As recently as February, paraquat’s use was approved by the Hazardous Substance Committee - a group of members from state agencies, academia and the private sector - for a further two years.
But that decision did not dampen critics’ hopes of an imminent ban and before developments this week, many were more optimistic than ever that one would be enacted within months.
‘SHOULD WE BAN VEHICLES?’
The weight of public opinion, and of informed decision makers, seems to be shifting away from the continued use of agricultural chemicals.
Groups have protested in big numbers in years gone by, but certain Thai government departments have stood in the way of reform on paraquat, glyphosate and chlorpyrifos.
Now, leading politicians, including Deputy Prime Minister Anutin Charnvirakul, have become champions for a pursuit of a ban on paraquat. His Bhumjaithai party, an influential bloc in Thailand’s recently formed government, has campaigned hard on the issue.
A ban also has crucial support within the Department of Agriculture, with Deputy Minister Mananya Thaiset committed to order a ban on the three chemicals by the end of this year.
"I can't wait until all of them are banned. The only thing on my mind is how to make it stop right now. I don't believe in the current measures already in place. If the regulations really worked, people wouldn't be falling ill as a result of exposure to these toxic chemicals,” she told the Bangkok Post.
In addition, the Ministry of Education has pledged to ban paraquat in all 47 agricultural and fishery colleges under the ministry’s supervision, while the import limits of the chemicals has also been slashed by 50 per cent this year, seen as a beginning of a phasing out of their availability and use.
Paraquat still has its supporters though, like Professor Rungsit Suwanmankha, an outspoken expert on herbicides and herbicide toxicology. “Do you remember how many people died from road accidents during the Songkran festival and New Year? More than 40 or 50 persons per day. Should we ban vehicles?” he said.
Still, some within affected communities are taking their own pre-emptive actions to curb the possible impact of chemicals on their lives.
A SILENT INVADER
Kudpheung subdistrict in Nong Bua Lamphu has grown weary of the use of some substances. The community has now effectively banned the use of toxic chemicals within its boundaries - unless special permission and notice is given - and it locally enforces penalties on those who flaunt the rules.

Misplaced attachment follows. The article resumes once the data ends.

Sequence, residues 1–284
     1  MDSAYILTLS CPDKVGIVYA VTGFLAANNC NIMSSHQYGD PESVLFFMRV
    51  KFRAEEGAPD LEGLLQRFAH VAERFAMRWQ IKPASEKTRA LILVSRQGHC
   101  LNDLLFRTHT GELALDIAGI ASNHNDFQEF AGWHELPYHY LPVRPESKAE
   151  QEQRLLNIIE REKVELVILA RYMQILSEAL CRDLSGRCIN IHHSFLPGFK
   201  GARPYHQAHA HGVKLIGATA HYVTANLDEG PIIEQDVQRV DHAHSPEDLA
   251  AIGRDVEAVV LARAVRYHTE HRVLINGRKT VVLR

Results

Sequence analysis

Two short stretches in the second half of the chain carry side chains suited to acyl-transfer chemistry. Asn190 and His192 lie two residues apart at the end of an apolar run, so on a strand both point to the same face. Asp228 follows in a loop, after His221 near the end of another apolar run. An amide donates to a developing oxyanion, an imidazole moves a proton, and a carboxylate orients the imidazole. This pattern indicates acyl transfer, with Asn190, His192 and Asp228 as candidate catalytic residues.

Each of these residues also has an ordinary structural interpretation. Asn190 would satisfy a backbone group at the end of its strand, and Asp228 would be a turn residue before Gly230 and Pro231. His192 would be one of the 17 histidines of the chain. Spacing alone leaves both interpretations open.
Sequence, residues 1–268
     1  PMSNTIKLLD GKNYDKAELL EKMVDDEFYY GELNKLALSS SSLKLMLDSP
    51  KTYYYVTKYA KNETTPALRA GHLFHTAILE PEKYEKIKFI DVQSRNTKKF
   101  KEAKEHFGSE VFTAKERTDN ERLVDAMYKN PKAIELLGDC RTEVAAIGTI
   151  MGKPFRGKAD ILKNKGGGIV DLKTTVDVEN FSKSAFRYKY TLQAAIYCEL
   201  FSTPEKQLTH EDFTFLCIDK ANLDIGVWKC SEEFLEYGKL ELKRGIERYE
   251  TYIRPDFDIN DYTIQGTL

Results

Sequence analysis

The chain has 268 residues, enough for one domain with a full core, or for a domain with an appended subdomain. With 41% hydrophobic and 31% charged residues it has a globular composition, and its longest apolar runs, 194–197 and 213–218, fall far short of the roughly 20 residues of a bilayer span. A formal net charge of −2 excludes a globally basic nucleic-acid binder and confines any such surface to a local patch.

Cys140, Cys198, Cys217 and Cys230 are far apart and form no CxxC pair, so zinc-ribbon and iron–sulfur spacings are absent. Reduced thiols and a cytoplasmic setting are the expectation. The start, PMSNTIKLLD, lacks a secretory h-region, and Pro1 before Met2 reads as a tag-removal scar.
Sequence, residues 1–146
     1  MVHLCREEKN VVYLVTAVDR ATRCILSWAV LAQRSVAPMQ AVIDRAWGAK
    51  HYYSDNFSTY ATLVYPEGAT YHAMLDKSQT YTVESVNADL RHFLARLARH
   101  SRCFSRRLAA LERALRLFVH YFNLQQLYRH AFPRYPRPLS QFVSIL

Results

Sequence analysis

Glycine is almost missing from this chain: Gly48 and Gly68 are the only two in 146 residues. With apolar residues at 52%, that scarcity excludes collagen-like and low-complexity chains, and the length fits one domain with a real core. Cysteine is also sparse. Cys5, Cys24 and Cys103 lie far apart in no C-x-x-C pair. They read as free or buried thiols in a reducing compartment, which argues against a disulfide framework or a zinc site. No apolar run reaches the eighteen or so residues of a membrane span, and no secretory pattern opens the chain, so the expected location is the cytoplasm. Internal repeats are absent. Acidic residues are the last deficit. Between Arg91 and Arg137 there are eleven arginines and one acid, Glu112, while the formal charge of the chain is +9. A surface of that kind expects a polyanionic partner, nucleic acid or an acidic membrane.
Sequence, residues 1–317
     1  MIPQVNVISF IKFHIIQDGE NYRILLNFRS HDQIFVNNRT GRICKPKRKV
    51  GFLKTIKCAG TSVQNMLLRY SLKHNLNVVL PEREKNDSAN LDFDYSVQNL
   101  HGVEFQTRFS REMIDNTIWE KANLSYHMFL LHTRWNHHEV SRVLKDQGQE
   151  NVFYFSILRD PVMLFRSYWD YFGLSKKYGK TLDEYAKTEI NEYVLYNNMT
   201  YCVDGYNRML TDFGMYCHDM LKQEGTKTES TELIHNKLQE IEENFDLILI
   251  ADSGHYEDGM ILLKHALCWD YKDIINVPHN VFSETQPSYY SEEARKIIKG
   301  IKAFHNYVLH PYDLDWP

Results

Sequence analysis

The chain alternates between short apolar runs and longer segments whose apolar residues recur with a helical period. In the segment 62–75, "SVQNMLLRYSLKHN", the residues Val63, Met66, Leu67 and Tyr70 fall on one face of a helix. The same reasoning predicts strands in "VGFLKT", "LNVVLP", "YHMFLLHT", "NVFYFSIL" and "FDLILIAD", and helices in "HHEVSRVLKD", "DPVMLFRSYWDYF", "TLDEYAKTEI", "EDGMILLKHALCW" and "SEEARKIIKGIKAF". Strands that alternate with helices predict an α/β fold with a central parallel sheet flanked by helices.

The subdistrict head Thongla Sritahong says some people still use chemicals secretly, hiring outsiders to do the work. He says most locals do not dare do the spraying themselves.
“The villagers have started to understand the consequences,” he said. “If a nationwide ban is possible, I would agree with it because villagers would be safe. If the issue is not resolved now in the future the younger generations will face difficulties. Food will become scarce and it will be risky to go into the water.”
Dr Puangrat describes paraquat as an “end of pipe” issue and describes a ban as a simple, but necessary band aid solution. She has been an advocate of solutions to the issue like the widespread promotion of organic farming practices and financial incentives that encourage farmers to go chemical free.
“To solve this problem, it doesn’t end by banning paraquat. The government has to go to the root of the cause and then they can solve the real problem,” she said.
BioThai’s Witoon believes solutions like using small farming equipment, planting ground cover plants and growing mixed crops instead of monocultures are potential fast solutions to help farmers do away with chemicals.
One village in Kudpheung has begun a chemical-free pilot program, with its pioneer Wichit Sangthong enthusiastically creating his own organic forms of weed killer by experimenting with different ingredients.
In his sugarcane field, Wichit demonstrates the effectiveness of his latest concoctions using banana tree, sour mango and rice whisky.
“It’s safe to use. There’s no impact to the community,” he said. “I will make people in this village stop using this herbicide.”
Additional reporting by Ryn Jirenuwat